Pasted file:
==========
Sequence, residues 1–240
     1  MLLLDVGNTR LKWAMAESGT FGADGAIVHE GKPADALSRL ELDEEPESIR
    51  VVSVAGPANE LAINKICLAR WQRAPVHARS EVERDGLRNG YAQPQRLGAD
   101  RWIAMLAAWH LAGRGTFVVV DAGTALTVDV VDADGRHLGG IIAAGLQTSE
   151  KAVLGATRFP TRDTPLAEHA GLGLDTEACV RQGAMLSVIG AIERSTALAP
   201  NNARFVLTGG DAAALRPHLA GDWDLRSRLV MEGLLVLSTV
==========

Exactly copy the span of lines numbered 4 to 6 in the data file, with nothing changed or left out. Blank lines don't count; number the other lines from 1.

   101  RWIAMLAAWH LAGRGTFVVV DAGTALTVDV VDADGRHLGG IIAAGLQTSE
   151  KAVLGATRFP TRDTPLAEHA GLGLDTEACV RQGAMLSVIG AIERSTALAP
   201  NNARFVLTGG DAAALRPHLA GDWDLRSRLV MEGLLVLSTV